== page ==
I have some code that is loading passwords from AWS SSM and then using them through the script. I am really concerned that some funky password character is going to be used that is going to get interpreted/escaped/munged by bash. The code in question is below. Are there any obvious problems here? Can I improve this so that no password can trip this up?

updateEnvFile() {
    local user=$1
    local pass=$2
    local host=$3

    cat "${bin}/../environments/development.properties" |
    sed "s;url=jdbc:mysql://localhost/mysql;url=jdbc:mysql://$host/mysql;" |
    sed "s/username=root/username=$user/" | sed "s/password=my-secret-pw/password=$pass/"

updateConfig() {
    local dbs=$1
    for db in ${dbs}; do
        local user=${params["/databases/migrate/${env}/${db}.user"]}
        local pass=${params["/databases/migrate/${env}/${db}.password"]}
        local host=${params["/databases/migrate/${env}/${db}.host"]}
        updateEnvFile "${user}" "${pass}" "${host}" > "${bin}/../environments/${db}.properties"

Do you really pass a single argument with space-separated names to updateConfig like this?:

updateConfig "db1 db2 db3"

It would be simpler to let the function accept any number of arguments, then the loop becomes simply

for db

(in "$@" is inferred)

I'm not a fan of the repetition of /databases/migrate/${env}/${db} - consider a local variable for that:

local basepath="/databases/migrate/$env/$db"
for db; do
    local user=${params["$basepath.user"]}
    local pass=${params["$basepath.password"]}
    local host=${params["$basepath.host"]}
    updateEnvFile "$user" "$pass" "$host" >"$bin/../environments/$db.properties"

When substituting shell variables using sed s command, be sure to transform the replacement to quote any backslashes or separators in the substitution:

updateEnvFile() {
    local user=${1//\\/\\\\}
    local pass=${2//\\/\\\\}
    local host=${3//\\/\\\\}

    sed -e "/^url=/s;localhost;${host//;/\\;};" \
        -e  "/^username=/s;=.*;=${user//;/\\;};" \
        -e "/^password=/s;=.*;=${pass//;/\\;};" \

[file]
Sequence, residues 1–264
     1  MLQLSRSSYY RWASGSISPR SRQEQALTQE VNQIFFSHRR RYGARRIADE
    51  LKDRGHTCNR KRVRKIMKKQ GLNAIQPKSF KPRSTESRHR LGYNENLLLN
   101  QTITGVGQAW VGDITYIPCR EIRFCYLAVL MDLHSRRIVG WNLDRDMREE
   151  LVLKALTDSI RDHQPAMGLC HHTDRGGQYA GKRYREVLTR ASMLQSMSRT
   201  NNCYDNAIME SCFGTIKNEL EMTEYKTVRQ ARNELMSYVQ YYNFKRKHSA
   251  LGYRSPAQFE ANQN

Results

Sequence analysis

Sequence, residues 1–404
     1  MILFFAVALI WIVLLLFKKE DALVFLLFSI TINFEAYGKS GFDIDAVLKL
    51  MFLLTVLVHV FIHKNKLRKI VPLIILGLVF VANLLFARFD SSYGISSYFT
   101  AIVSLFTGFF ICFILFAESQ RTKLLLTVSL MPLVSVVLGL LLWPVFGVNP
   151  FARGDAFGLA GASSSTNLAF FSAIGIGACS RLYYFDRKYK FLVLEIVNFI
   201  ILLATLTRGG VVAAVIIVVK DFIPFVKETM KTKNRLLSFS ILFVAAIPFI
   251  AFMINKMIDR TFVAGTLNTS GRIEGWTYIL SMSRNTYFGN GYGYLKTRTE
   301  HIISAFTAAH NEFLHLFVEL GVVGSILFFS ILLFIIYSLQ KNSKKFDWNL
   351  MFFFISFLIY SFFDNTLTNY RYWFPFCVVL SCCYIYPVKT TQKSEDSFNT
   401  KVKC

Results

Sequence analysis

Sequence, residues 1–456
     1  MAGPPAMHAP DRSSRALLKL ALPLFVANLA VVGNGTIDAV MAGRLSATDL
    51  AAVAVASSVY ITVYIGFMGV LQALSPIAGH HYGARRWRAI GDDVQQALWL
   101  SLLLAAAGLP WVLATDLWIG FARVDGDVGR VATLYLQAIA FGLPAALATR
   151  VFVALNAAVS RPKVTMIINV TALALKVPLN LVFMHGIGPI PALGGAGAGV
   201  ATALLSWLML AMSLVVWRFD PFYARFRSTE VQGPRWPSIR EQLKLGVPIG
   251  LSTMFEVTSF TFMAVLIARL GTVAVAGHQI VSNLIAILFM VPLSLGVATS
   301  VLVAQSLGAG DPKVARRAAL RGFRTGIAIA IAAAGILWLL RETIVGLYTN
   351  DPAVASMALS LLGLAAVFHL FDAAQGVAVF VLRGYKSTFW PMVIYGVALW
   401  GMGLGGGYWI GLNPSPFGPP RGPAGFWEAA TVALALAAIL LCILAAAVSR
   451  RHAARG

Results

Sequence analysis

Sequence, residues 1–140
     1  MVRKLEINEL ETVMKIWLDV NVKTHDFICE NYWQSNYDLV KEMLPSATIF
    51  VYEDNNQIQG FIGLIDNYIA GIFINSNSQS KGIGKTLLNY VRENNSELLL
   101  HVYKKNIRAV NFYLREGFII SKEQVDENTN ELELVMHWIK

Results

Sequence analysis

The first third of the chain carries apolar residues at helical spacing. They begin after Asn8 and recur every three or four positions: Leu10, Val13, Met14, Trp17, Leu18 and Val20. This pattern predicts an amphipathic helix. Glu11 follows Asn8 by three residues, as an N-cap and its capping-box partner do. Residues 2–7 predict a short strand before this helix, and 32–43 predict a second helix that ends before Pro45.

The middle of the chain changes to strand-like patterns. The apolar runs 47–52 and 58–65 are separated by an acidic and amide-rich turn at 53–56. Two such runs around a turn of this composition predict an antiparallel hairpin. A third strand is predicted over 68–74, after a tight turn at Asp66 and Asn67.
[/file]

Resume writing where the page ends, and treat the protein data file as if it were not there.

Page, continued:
I've also combined your long pipeline into a singled sed invocation, and simplified each replacement to separate the matching and replacement parts.

| improve this answer | |
  • \$\begingroup\$ The number of databases in question is discovered from the SSM params. So, it looks for anything with $basePath/(db[0-9]+) - literal code for that: echo "${!params[@]}" | tr " " "\n" | sed 's;.*\(db[0-9]\).*;\1;' | sort| uniq I am going to see about what you have and apply it \$\endgroup\$ – Christian Bongiorno Jun 26 '18 at 1:05
  • \$\begingroup\$ I tried your example: The syntax for declaring user/pass/host isn't right. I am using bash v4 \$\endgroup\$ – Christian Bongiorno Sep 12 '18 at 21:32
  • \$\begingroup\$ If I've made an error, please go ahead and propose a correction. Thanks. \$\endgroup\$ – Toby Speight Sep 13 '18 at 7:08
  • \$\begingroup\$ I would if I was sure exactly how it worked! :) \$\endgroup\$ – Christian Bongiorno Sep 13 '18 at 19:32

That cat is entirely unnecessary. Also, multiple pipes to sed are redundant.

sed by design can take a single long expression and process the data.

As for your delimiters, I'd suggest using non-printable characters when in sed:

SED_DELIM=$(echo -en "\001")

and then:

sed "s${SED_DELIM}url=jdbc:mysql://localhost/mysql${SED_DELIM}url=jdbc:mysql://$host/mysql${SED_DELIM}; s${SED_DELIM}username=root${SED_DELIM}username=$user${SED_DELIM}; s${SED_DELIM}password=my-secret-pw${SED_DELIM}password=$pass${SED_DELIM}" $file_name

Now, that looks quite long. You can evaluate individual expressions:

sed -e "s${SED_DELIM}url=jdbc:mysql://localhost/mysql${SED_DELIM}url=jdbc:mysql://$host/mysql${SED_DELIM};" \
-e "s${SED_DELIM}username=root${SED_DELIM}username=$user${SED_DELIM};" \
-e "s${SED_DELIM}password=my-secret-pw${SED_DELIM}password=$pass${SED_DELIM}" \

I'll go ahead and also use back-references:

sed -e "s${SED_DELIM}\(url=jdbc:mysql://\)localhost\(/mysql\)${SED_DELIM}\1$host\2${SED_DELIM};" \
-e "s${SED_DELIM}\(username=\)root${SED_DELIM}\1$user${SED_DELIM};" \
-e "s${SED_DELIM}\(password=\)my-secret-pw${SED_DELIM}\1$pass${SED_DELIM}" \
| improve this answer | |
  • \$\begingroup\$ It didn't even occur to me that sed might choke on something but a slash is entirely within the realm of password chars that might be chosen. Thanks! I was thinking more like bash and "" doing weird things \$\endgroup\$ – Christian Bongiorno Jun 23 '18 at 2:55
  • 1
    \$\begingroup\$ Portable sed command lines have exactly one command per -e argument (writing ; in place of the newline is a common, but not universal, extension to POSIX). Also, given this is Bash, $'\001' is simpler than your echo command (but I don't agree with your recommendation not to simply use distinct characters for the delimiters; I like ! or # when / is unsuitable, others choose , - instead, make the variables safe for interpolation, e.g. s!pattern!${replacement//!/\!}!) \$\endgroup\$ – Toby Speight Jun 25 '18 at 7:45

Your Answer

By clicking “Post Your Answer”, you agree to our terms of service, privacy policy and cookie policy

Not the answer you're looking for? Browse other questions tagged or ask your own question.